The Company's market in central Iowa has numerous banks, credit unions, and investment and insurance companies competing for similar business opportunities. This competitive environment will continue to compress the Banks' net interest margins and, thus, affect profitability. Strategic planning efforts at the Company and Banks continue to focus on capitalizing on the Banks' strengths in local markets while working to identify opportunities for improvement to gain competitive advantages.

Other real estate owned amounted to $9.9 million and $9.5 million as of September 30, 2012 and December 31, 2011, respectively. Other real estate owned costs, net amounted to $472,000 and $418,000 for the nine months ended September 30, 2012 and 2011, respectively. Management obtains independent appraisals or performs evaluations to determine that these properties are carried at the lower of the new cost basis or fair value less cost to sell. It is at least reasonably possible that change in fair values will occur in the near term and that such changes could have a negative impact on the Company's earnings.

The Company operates in a highly regulated environment and is subject to extensive regulation, supervision and examination. The compliance burden and impact on the Company's operations and profitability is significant. On July 21, 2010, the Dodd-Frank Act was signed into law. The Dodd-Frank Act represents a comprehensive overhaul of the financial services industry within the United States and, among many other things, establishes the new federal Consumer Finance Protection Bureau ("CFPB"). The CFPB and other federal agencies are continuing to implement many new and significant rules and regulations. At this time, it is difficult to predict the extent to which the Dodd-Frank Act or the resulting rules and regulations will impact the Company's and the Banks' business. Compliance with the new law and regulations are likely to result in additional costs, which could be significant, and could adversely impact the Company's results of operations, financial condition or liquidity. The Company cannot predict what changes, if any, will be made to existing federal and state legislation and regulations or the effect that any changes may have on future business and earnings prospects.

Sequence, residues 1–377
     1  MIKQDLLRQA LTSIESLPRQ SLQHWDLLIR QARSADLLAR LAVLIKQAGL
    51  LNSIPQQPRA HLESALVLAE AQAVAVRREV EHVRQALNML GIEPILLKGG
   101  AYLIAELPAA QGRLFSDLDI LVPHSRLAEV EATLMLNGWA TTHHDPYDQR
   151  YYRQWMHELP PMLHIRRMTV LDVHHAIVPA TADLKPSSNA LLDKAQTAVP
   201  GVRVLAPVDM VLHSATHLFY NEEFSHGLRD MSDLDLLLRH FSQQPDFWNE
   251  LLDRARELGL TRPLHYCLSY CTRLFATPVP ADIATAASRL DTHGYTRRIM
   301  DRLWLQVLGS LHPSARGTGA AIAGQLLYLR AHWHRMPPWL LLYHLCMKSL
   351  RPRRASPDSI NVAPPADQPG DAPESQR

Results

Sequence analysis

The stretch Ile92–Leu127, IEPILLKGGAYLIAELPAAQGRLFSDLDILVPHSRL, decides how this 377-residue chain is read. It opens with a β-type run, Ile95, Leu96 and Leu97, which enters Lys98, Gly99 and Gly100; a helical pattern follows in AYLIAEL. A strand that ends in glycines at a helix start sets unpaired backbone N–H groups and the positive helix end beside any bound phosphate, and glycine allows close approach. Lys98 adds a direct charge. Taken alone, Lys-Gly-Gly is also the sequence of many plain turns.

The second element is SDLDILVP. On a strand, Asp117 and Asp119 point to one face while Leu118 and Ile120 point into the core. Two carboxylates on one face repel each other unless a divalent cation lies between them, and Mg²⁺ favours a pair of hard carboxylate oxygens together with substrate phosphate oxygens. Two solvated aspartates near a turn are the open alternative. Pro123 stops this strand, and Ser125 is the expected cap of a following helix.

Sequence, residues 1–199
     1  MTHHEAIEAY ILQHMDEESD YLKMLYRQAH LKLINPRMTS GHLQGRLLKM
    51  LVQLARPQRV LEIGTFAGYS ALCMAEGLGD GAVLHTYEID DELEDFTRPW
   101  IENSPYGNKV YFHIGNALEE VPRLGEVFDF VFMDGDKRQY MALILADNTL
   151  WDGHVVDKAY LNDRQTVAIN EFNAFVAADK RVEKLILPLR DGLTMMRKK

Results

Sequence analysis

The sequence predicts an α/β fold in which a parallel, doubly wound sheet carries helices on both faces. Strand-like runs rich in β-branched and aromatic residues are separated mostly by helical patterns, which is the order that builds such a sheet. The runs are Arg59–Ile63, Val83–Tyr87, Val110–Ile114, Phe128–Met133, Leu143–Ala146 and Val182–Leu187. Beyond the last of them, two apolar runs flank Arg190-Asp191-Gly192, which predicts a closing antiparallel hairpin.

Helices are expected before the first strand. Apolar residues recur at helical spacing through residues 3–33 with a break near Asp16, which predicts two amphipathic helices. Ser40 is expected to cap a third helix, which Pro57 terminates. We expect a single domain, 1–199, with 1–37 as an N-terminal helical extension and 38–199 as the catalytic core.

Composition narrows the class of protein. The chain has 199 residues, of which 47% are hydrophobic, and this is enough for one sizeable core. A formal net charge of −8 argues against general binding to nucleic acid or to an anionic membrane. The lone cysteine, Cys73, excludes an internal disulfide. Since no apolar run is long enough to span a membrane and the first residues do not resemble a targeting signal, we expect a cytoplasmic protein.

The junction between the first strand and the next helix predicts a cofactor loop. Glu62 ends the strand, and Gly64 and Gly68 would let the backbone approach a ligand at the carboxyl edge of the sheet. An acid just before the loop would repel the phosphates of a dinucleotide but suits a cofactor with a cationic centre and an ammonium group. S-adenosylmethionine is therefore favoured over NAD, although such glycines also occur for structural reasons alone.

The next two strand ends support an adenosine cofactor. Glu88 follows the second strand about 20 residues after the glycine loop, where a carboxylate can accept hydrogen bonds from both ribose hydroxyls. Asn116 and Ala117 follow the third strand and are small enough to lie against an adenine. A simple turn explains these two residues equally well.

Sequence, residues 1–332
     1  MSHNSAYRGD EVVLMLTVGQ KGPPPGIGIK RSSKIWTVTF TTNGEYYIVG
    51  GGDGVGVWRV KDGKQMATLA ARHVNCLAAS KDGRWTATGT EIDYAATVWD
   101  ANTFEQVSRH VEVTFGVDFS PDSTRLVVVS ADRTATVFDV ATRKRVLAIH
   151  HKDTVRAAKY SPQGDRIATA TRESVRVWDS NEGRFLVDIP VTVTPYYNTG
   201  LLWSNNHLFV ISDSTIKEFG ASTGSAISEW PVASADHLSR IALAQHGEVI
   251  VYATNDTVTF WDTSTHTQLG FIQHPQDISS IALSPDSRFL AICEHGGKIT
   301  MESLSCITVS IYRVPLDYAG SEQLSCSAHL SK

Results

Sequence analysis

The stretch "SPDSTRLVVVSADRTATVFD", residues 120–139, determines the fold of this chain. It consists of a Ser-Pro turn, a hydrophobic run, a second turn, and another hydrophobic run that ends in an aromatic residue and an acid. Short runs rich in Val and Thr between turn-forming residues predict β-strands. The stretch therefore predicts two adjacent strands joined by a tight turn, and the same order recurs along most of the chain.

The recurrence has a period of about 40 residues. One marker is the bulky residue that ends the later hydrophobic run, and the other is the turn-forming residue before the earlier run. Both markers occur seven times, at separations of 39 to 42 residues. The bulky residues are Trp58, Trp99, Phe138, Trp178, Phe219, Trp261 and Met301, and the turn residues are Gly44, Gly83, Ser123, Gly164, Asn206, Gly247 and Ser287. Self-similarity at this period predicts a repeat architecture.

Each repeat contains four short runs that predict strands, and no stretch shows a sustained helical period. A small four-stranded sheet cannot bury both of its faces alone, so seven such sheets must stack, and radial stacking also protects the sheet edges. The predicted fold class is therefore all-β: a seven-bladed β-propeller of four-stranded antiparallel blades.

Key Performance Indicators and Industry Results

Certain key performance indicators for the Company and the industry are presented in the following chart. The industry figures are compiled by the FDIC and are derived from 7,246 commercial banks and savings institutions insured by the FDIC. Management reviews these indicators on a quarterly basis for purposes of comparing the Company's performance from quarter to quarter against the industry as a whole.


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Selected Indicators for the Company and the Industry

                          September 30, 2012               June 30, 2012
                       3 Months        9 Months              6 Months                             Year Ended December 31,
                        Ended           Ended                  Ended                         2011                         2010
                       Company         Company        Company       Industry*       Company       Industry       Company       Industry

Return on assets            1.32 %          1.27 %        1.24 %          0.99 %        1.38 %         0.88 %        1.40 %         0.66 %